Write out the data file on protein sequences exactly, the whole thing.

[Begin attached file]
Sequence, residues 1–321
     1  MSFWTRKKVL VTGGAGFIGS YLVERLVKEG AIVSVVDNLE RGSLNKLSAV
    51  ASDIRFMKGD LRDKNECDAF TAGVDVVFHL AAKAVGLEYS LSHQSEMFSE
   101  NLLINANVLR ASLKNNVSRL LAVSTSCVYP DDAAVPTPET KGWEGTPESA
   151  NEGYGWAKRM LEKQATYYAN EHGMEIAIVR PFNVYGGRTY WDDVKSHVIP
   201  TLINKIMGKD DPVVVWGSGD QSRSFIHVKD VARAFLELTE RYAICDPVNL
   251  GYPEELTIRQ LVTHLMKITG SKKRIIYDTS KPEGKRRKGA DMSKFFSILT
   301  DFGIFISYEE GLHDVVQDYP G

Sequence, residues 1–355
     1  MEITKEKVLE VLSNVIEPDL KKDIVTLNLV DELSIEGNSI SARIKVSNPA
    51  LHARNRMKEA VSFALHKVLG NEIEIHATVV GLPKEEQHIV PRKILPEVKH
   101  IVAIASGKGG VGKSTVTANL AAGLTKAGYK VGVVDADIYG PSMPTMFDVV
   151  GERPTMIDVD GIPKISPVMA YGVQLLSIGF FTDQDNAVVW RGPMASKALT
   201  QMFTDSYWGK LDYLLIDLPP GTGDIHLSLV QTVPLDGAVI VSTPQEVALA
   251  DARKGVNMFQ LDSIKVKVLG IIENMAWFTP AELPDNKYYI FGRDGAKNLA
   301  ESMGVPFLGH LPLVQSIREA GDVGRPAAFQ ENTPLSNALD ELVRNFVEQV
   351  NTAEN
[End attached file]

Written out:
Sequence, residues 1–321
     1  MSFWTRKKVL VTGGAGFIGS YLVERLVKEG AIVSVVDNLE RGSLNKLSAV
    51  ASDIRFMKGD LRDKNECDAF TAGVDVVFHL AAKAVGLEYS LSHQSEMFSE
   101  NLLINANVLR ASLKNNVSRL LAVSTSCVYP DDAAVPTPET KGWEGTPESA
   151  NEGYGWAKRM LEKQATYYAN EHGMEIAIVR PFNVYGGRTY WDDVKSHVIP
   201  TLINKIMGKD DPVVVWGSGD QSRSFIHVKD VARAFLELTE RYAICDPVNL
   251  GYPEELTIRQ LVTHLMKITG SKKRIIYDTS KPEGKRRKGA DMSKFFSILT
   301  DFGIFISYEE GLHDVVQDYP G

Sequence, residues 1–355
     1  MEITKEKVLE VLSNVIEPDL KKDIVTLNLV DELSIEGNSI SARIKVSNPA
    51  LHARNRMKEA VSFALHKVLG NEIEIHATVV GLPKEEQHIV PRKILPEVKH
   101  IVAIASGKGG VGKSTVTANL AAGLTKAGYK VGVVDADIYG PSMPTMFDVV
   151  GERPTMIDVD GIPKISPVMA YGVQLLSIGF FTDQDNAVVW RGPMASKALT
   201  QMFTDSYWGK LDYLLIDLPP GTGDIHLSLV QTVPLDGAVI VSTPQEVALA
   251  DARKGVNMFQ LDSIKVKVLG IIENMAWFTP AELPDNKYYI FGRDGAKNLA
   301  ESMGVPFLGH LPLVQSIREA GDVGRPAAFQ ENTPLSNALD ELVRNFVEQV
   351  NTAEN